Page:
June 1997 Issue

On the Cover

“Nothing to It”

Bolstered by his favorite phrase, my son Mark faced life with grace, dignity, and good humor. I knew he’d face death the same way.


The Curse of Romeo and Juliet

Frankie Mitchell and Janet Evans want to be together, but their families are feuding. It’s a story as old as Shakespeare—older, in fact, because they’re Gypsies, the children of two prominent Dallas clans, and ancient superstitions guide every aspect of their lives. Even love.

Shock Therapy

By employing stereotypes like Sambo and Aunt Jemima, Austin painter Michael Ray Charles hopes to master the art of racial healing.

Sloane, Alone

Dallas’ Sloane Simpson was a society queen who enchanted New York, seduced Mexico City, and turned Acapulco into a jet-set getaway. But when she died last year at age eighty, she was almost completely forgotten.

Out There

For seven days Rick McLaren and his armed cohorts were holed up in their Republic of Texas “embassy” while reporters dug for stories, lawmen kept watch, and the residents of nearby Fort Davis wished they’d all go away.

Captions and Comments

Left: Untitled, 1993. Right: Beware, 1994. The old stereotypes have only been repackaged, Charles says. Right: Clockwise from top left, four paintings from the Liberty Bros. Permanent Daily Circus series: Blue Period, 1995, Oop’s, 1995, Desperados Leap for Life, 1996, and Smiles, 1996. “I’m trying to be as honest



The Doctor Is In

For El Paso physician Abraham Verghese, writing about life and death in the age of AIDS is a prescription for literary success.

Sierra High

High in the Mexican mountains and only a day’s drive from Texas lies El Cielo, a stunning cloud forest where exotic birds soar but the temperature doesn’t.


Jack Valenti

When I got out of high school at three o’clock each day, I went to work giving away movie passes and hanging up posters in barbershops and drugstores for coming attractions at the Iris or the Texan or the Ritz theaters in downtown Houston. Unfortunately, when I graduated I didn’t

Uma Pemmaraju

While she was still in high school, Uma Pemmaraju persuaded the editors of the San Antonio Express-News to let her write the weekly fishing report—even though she was, so to speak, out to sea on the subject. “I knew nothing about fishing,” she says. “I was basically calling around different

CD and Book Reviews

Hot CDsThe Horsies are an extremely unusual outfit, so it figures that the perverse, polymorphously percussive Austin combo’s second record, Touch Me Columbus, is only available on the relatively obscure Japanese label Benten (though some Texas record stores will be carrying it). A giddy three-man, three-woman band with five often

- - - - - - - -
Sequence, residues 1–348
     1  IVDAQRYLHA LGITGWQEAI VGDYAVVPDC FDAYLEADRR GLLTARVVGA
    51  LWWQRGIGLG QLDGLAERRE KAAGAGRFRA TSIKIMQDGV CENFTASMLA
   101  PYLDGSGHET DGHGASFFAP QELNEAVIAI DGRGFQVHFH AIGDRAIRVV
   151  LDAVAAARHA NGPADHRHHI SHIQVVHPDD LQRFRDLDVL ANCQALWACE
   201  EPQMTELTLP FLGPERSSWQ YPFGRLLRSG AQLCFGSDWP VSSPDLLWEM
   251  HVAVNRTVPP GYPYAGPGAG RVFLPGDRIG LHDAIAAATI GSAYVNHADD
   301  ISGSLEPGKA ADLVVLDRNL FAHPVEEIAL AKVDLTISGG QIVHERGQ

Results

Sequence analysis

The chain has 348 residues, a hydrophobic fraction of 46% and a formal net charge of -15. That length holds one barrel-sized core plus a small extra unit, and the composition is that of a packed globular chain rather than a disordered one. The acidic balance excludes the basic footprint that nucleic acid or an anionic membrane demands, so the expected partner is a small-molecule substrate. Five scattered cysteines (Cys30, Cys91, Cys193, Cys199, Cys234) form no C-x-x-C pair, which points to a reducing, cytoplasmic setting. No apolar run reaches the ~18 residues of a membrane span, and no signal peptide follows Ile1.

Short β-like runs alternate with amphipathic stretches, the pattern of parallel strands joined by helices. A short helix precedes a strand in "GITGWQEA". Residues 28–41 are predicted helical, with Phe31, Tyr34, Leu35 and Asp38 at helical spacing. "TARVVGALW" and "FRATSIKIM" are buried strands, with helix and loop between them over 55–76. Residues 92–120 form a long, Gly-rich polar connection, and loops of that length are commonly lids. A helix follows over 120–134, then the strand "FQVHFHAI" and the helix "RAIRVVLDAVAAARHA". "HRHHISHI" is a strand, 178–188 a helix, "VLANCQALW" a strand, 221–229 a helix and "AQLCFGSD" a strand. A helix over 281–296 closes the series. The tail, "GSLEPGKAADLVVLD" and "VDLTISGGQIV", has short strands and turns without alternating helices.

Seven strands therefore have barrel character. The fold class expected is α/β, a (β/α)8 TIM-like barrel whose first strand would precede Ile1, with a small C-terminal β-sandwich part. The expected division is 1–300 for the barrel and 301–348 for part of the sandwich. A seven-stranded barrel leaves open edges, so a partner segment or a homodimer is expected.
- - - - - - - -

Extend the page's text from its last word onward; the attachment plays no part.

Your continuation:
Triumph of the Williams

After five years ex-Austinite Lucinda Williams’ follow-up to her 1992 CD Sweet Old World is finally kicking up dust. The album’s title, Car Wheels on a Gravel Road (American Recordings), refers not to the sound of the Grammy award winner’s voice but to the cross-country travels that inspired such


That’s what Mick Jagger and Jerry Hall got on their recent trip to West Texas. West Texas retailers got it too.


The state prison name game; Dallas alternative-country band the Old 97’s is feeling no depression.

Lights! Camera! No Action!

GEORGE W. BUSH may have the most power in the Capitol, but when it comes to power over the Capitol, he’s just number two. In one of the strangest rivalries of a contentious legislative session, the Texas Film Commission, an arm of the governor’s office, squared off against the State


Sautéed Shrimp on Cannellini Beans

Radicchio Walnut Salad9 tablespoons extra-virgin olive oil 3 tablespoons balsamic vinegar (preferably from Modena) 2/3 cup sugar 1 cup walnut halves 2 heads radicchio, coarsely chopped or torn 3 ounces Gorgonzola, finely crumbled salt and pepper to tasteWhisk oil and vinegar until thick and season with salt and pepper. Set


Wore Stories

For her history of Texas fashion (see “The Way We Wore”), senior editor Anne Dingus began with—who else?—Sam Houston. “He’s always a good place to start,” she says, “and he distinguished himself by being sartorially flamboyant.” Then, drawing on library research and her personal archive of vintage postcards, ads,

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